Yes, I do speak fluent hockey.

A reader’s perspective on female hockey real and imagined

It’s a tradition here to be glued to one of our national sports networks and watch the extensive coverage between Boxing Day and early January of the World Junior (U20) Hockey Championships (hmmm, no qualifier so by default it’s of course the male side of the house). There are some great hockey matches and compared to the NHL the emotion and potential for anything to happen make the tournament well worth watching. The same can be said for women’s hockey and as a result this year there was some additional background drama in Canada in the form of some very vocal and written protests that went viral regarding the lack of coverage of the Women’s U18 Hockey Championships. These Women’s U18 championships in Slovakia with virtually no coverage – even accessible decent quality streaming were being held pretty much a stone’s throw away from the U20 Championships in the Czech Republic.

What’s neat about the reaction is that it shows this state of affairs is no longer acceptable to us, we aren’t quiet about it and demand better. The sports network got a lot of flack for not bothering to send a media truck down the road to at least cover the big matches (that is to say Canada’s games) and the governing federation had to step up to provide a better quality broadcast of the remaining games.

It was in Ottawa in 1990 that the first IIHF Women’s World Championships were held. I can’t even begin to explain how huge this was for female hockey – despite the garish neon pink Canadian jerseys that became a huge marketing success. Having played and/or coached minor female hockey for over forty years I wish I had a quarter for every time someone was amazed that there were female hockey players and leagues and that, “wow” BTW they were dedicated, serious and skilled too. Obviously much progress has been made yet it is so disappointing to see that some of the world’s best female hockey players felt the need to boycott the one remaining women’s league to bring attention to the lack of support. In brief, there were two women’s pro leagues in North America when one folded last spring a number of the players decided to boycott the other league to pressure for a single sustainable league (like the WNBA) that would allow them to make a decent living. In the meantime these outstanding players are keeping fit and in game shape by playing for their national teams, pickup hockey and/or participating in the Dream Gap Tour, which recently played matches to good sized enthusiastic crowds in Toronto.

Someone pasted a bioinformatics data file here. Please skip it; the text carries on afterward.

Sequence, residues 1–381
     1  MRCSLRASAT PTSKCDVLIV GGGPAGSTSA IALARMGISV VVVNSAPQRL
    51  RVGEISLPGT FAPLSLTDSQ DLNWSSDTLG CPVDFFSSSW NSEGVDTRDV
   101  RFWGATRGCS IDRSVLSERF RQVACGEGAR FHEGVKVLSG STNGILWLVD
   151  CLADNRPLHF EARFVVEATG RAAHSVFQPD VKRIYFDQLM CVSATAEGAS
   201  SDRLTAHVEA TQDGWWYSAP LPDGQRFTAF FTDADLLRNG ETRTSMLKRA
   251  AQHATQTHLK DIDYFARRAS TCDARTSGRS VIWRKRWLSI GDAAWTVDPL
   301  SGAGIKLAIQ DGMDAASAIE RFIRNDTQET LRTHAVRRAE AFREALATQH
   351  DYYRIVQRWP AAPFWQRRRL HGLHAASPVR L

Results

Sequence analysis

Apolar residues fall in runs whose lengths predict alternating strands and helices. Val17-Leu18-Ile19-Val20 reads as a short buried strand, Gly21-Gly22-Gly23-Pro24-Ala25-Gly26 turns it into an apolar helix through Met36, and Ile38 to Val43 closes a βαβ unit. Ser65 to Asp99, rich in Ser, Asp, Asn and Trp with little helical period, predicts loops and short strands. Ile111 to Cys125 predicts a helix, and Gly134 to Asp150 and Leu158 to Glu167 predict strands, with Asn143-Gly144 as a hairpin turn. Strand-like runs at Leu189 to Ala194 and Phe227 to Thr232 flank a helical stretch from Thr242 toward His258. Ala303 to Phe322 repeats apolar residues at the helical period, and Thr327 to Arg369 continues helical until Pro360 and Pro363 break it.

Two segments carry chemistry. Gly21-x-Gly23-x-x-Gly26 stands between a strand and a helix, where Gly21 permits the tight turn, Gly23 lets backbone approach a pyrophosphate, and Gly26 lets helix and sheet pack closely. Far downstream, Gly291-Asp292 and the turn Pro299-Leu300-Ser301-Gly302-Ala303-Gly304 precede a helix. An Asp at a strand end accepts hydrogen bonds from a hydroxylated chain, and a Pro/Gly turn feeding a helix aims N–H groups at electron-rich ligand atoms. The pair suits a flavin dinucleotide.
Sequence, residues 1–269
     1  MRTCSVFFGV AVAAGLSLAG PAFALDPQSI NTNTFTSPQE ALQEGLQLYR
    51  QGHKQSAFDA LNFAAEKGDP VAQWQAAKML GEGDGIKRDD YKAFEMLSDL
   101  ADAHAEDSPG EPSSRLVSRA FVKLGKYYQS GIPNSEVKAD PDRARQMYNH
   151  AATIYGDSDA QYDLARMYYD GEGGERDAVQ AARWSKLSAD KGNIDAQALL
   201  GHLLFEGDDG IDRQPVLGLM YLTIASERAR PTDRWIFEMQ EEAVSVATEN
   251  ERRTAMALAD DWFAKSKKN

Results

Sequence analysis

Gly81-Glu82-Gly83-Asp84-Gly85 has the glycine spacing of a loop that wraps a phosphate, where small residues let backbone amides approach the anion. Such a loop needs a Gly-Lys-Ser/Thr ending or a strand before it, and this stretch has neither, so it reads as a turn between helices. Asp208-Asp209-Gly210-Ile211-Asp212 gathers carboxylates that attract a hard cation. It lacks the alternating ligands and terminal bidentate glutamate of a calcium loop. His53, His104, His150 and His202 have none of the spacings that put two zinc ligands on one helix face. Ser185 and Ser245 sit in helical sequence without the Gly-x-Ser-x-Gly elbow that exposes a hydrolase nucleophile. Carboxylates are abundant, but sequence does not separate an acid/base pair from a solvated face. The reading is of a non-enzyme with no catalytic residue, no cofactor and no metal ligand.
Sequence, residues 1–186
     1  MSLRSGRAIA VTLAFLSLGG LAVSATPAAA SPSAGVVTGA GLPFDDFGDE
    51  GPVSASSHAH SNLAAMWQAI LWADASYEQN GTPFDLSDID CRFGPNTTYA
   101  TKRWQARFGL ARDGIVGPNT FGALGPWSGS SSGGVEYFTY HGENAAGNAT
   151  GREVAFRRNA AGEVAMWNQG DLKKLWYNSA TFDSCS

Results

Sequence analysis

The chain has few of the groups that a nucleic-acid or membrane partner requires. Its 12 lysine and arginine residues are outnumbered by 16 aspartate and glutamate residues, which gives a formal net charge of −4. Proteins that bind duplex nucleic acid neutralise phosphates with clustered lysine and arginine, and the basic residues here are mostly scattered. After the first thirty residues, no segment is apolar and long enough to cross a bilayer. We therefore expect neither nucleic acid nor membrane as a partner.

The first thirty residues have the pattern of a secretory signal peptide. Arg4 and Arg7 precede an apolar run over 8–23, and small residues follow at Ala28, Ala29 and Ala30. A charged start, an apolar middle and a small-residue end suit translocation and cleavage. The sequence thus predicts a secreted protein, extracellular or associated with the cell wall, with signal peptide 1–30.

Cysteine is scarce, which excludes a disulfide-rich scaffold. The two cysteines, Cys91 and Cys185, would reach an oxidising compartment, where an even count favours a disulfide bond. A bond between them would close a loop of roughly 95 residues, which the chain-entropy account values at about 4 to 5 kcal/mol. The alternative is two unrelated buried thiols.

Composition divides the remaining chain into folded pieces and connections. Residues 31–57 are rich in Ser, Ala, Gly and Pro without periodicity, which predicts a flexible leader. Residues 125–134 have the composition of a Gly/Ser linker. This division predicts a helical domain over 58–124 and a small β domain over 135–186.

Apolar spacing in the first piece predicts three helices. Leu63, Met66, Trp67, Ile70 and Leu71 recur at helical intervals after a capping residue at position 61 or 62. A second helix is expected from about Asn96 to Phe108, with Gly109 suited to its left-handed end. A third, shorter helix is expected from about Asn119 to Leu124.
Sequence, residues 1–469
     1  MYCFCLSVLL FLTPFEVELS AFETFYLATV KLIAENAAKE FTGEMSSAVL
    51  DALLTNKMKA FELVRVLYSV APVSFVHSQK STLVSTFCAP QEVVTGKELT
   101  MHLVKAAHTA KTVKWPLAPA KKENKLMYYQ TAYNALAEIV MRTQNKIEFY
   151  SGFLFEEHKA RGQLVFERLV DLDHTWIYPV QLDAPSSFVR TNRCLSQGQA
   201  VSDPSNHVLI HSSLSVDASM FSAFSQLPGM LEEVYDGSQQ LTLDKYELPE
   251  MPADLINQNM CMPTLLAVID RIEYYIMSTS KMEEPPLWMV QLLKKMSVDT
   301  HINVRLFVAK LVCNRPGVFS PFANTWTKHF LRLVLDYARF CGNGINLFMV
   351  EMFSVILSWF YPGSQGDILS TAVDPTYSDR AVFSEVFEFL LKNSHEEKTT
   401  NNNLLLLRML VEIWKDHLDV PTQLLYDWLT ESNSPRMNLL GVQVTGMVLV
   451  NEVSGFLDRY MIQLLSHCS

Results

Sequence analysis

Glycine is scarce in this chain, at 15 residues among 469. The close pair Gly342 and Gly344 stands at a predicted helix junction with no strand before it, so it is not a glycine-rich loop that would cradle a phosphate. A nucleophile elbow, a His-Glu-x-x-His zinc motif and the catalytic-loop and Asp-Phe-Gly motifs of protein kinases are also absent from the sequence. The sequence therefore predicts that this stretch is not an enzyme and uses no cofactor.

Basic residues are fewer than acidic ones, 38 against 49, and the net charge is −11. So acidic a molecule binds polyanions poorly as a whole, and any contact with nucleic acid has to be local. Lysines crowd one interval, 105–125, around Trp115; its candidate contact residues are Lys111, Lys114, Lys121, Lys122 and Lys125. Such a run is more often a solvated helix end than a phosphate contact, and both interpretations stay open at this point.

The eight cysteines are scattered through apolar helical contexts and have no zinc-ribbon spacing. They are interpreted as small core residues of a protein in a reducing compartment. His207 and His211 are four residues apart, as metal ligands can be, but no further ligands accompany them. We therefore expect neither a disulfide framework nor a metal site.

Well I could probably go on ad nauseam about the evolution of women’s hockey since the 1970’s as well as the cultural impacts and social buzz out there – but I won’t (you’re welcome :). Now that I’m no longer actively involved in the sport in addition to watching the too infrequent women’s championships, tournaments and Olympics, I am keen to feed my hockey addiction with hockey stories. Unfortunately there are not nearly as many as you would find in the mainstream market and I think I’ve found and read all seven of them – if you know of any others please let us know in the comments. Fingers crossed we’ll see more in the near future as five of the seven I’ve come across were released in the last two years. You don’t need to know a lot about hockey to enjoy them – and a big thumbs-up to all the authors that have written these books. None of them (except perhaps Richardson) has professed any background in the sport beyond a love of the game and obvious research skills.

The first hockey related story to come across my radar is Thin Ice (2012) by Bryce Taylor. Although the first half was unlikely to really happen it was intriguing and sweet until it wasn’t. There is much sadness and angst and after the “event” there is a sixteen-year gap before we meet up with Taylor again. If you are willing to put up with less than stellar editing and formatting this was a decent story/romance.

Delay of Game (2017) from Tracey Richardson features Niki Hartling and Eva Caruso. 81e8WjDI65L._AC_UY218_ML3_.jpg They haven’t competed against each other as players in twelve years and now meet up again in the upcoming Olympics with Niki coaching Team Canada and Eva on her last legs as a veteran player for the USA.  Some wonderful suspenseful hockey scenes with a touch of intrigue, along with a second chance romance keep this story moving. With at least three USA/Canada rival player couples that I know of out there seeing this fictional one in print added to the enjoyment. Hockey fan or not this hockey-themed romance doesn’t disappoint.